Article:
Disney Pixar's Lightyear is now looking poised to do stellar business in its opening weekend, with the current box office estimates falling somewhere between $70-80 million, from 4,200 theaters in the North American market. That's a solid return to form for a Pixar animated feature opening in theaters; before the COVID-19 pandemic there were Pixar films like Coco ($50M), Cars 3 ($53.6M), The Good Dinosaur ($39M), that didn't have as high of an opening as Lightyear looks like it will have. On the other hand, Pixar's biggest film franchises like Toy Story 4 ($120M), Incredibles 2 ($182M), Finding Dory ($135M), all opened with significantly higher box office hauls.
Lightyear falling somewhere in the middle of the stack of Pixar releases makes a certain amount of sense. The film's Toy Story connections already put it on the radar of an entire demographic of kids and families that are fans of that franchise, which means Lightyear already has a sizable front-loaded audience for its first week in theaters.
However, beyond that, it's not quite certain what Lightyear has done to attract an audience beyond they Toy Story fandom. Critical consensus is that the film is pretty good – if only that. While Lightyear's story and sci-fi themes are good, the film is also said to be less than the promised legendary movie that supposedly shaped the childhood fantasies of Andy from Toy Story. Lightyear is the lowest Rotten Tomatoes scorer of any Toy Story movie; If there's not strong word-of-mouth to carry it, then Lightyear could end up being less of an earner than a lot of other Pixar releases.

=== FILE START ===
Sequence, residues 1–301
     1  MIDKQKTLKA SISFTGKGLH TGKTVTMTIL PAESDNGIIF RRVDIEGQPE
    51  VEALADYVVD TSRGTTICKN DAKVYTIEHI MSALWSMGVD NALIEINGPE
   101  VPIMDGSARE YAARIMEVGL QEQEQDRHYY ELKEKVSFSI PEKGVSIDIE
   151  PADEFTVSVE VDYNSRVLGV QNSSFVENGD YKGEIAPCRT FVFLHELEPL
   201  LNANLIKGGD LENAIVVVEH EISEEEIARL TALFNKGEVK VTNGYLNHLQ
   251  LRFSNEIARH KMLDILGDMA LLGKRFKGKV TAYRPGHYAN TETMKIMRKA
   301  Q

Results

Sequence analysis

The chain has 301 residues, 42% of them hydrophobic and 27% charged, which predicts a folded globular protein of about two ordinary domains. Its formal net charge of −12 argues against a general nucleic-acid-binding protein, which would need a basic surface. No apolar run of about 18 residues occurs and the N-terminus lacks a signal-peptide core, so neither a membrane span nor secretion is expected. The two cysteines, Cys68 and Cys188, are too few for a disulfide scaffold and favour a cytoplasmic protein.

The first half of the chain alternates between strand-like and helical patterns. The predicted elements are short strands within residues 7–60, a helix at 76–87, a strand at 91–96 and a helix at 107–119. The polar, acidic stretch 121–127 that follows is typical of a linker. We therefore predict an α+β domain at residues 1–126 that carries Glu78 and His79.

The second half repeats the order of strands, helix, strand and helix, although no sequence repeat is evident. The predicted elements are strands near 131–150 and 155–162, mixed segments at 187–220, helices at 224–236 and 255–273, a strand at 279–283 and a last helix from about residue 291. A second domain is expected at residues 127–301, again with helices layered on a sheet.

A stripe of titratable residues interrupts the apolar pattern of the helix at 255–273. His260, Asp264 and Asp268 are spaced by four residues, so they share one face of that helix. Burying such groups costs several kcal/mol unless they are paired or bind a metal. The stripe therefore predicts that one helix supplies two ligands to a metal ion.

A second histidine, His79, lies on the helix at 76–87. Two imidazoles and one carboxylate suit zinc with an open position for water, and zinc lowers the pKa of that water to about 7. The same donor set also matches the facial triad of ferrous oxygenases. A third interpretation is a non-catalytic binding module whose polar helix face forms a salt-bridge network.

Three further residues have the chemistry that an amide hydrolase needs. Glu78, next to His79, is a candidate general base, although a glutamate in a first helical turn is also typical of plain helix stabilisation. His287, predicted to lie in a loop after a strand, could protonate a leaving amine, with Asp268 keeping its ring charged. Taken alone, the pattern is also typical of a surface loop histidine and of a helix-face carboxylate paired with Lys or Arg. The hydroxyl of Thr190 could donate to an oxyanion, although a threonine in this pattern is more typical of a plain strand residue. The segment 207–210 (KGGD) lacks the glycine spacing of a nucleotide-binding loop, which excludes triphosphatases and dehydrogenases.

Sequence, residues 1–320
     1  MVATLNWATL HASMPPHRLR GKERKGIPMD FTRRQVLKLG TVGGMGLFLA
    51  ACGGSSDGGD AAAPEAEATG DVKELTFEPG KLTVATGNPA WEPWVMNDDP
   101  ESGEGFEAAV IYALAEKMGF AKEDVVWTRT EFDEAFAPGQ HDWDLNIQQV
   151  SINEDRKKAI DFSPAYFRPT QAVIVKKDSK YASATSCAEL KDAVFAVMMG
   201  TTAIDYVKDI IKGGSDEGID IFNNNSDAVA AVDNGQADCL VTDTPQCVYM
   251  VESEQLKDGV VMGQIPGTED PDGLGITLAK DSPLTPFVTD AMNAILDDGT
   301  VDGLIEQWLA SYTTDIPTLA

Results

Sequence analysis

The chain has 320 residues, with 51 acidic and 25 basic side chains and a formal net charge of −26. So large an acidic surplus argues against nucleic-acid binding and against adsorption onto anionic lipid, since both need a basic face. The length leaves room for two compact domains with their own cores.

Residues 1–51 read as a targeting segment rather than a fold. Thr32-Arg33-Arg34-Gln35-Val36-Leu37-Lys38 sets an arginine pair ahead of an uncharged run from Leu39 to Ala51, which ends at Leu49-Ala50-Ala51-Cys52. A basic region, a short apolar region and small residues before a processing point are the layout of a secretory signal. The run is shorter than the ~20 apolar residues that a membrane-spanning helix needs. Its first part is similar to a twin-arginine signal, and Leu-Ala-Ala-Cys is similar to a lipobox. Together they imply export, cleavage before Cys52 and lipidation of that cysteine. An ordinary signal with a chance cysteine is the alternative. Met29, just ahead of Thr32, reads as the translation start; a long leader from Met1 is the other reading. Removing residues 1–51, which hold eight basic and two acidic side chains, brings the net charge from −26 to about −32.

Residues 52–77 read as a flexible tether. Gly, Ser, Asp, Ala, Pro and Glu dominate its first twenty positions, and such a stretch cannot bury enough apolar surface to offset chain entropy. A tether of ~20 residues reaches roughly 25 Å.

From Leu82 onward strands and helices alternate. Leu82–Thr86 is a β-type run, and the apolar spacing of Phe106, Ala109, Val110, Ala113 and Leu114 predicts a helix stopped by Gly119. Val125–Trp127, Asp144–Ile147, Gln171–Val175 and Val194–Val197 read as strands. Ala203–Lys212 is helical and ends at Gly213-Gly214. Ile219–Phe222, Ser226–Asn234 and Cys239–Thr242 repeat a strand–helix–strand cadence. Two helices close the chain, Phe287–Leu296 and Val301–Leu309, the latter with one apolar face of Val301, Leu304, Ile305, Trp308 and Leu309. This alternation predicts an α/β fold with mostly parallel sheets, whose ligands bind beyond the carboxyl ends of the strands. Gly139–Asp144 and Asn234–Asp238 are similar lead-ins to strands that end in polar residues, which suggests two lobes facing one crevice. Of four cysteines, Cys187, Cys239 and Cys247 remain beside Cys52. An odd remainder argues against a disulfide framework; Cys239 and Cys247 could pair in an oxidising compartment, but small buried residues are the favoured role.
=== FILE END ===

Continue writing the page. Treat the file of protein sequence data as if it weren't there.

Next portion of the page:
Here's what we said in ComicBook.com's official Lightyear review:
Lightyear could absolutely work as an original title – Toy Story really isn't necessary to make the tale or characters enjoyable. But the connection is used about as perfectly as it could be. There are a few lines that harken back to Buzz's catchphrases in Toy Story, but the story never leans on the adventures in Andy's room. Instead, it offers the chance to unpack a much more interesting version of the deeply human toy that has been in our lives for nearly 30 years. Lightyear aims for infinity and more than delivers, taking us a little further beyond what we'd expected.
Lightyear is now in theaters.